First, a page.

“Ninety-seven percent of students middle school age or younger who were arrested in school were Black or Latinx, while they represent just 67 percent of the student population. The most recent data shows modest declines in the number of arrests and summons, but the deep and persistent racial disparities shows the city continues to systematically criminalize students of color” said Kate Terenzi, Equal Justice Works Fellow at the Center for Popular Democracy. “To shift from discriminatory and racist practices to a new understanding of discipline we have have to embrace the solutions developed by the young people who have been harmed by our current policies and practices.”


Contact: Samy Nemir, Center for Popular Democracy, solivares@populardemocracy.org or (929) 285-9623 and Roberto Cabanas, Urban Youth Collaborative, Roberto.Urbanyouthcollab@gmail.com or (973) 432-2406

NOTE: More PHOTOS here from September rally and Spanish version available upon request.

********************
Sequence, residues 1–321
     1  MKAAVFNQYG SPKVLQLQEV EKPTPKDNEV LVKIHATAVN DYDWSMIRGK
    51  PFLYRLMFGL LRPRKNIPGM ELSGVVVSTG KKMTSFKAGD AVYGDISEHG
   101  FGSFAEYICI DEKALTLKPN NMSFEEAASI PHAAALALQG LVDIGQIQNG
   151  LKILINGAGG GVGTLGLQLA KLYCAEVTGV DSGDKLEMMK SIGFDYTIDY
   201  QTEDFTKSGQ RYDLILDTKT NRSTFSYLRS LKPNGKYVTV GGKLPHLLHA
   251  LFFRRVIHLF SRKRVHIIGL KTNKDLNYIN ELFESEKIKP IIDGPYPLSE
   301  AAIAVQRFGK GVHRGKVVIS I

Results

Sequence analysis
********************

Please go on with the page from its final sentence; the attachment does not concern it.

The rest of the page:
The Urban Youth Collaborative is led by students young people and brings together New York City students to fight for real education reform that puts students first. Demanding a high-quality education for all students, young people struggle for social, economic, and racial justice in the city’s schools and communities. Organizational members include: Make the Road New York, Sistas and Brothas United, and Future of Tomorrow


Center for Popular Democracy promotes equity, opportunity, and a dynamic democracy in partnership with innovative base-building organizations, organizing networks and alliances, and progressive unions across the country. CPD builds the strength and capacity of democratic organizations to envision and advance a pro-worker, pro-immigrant, racial justice agenda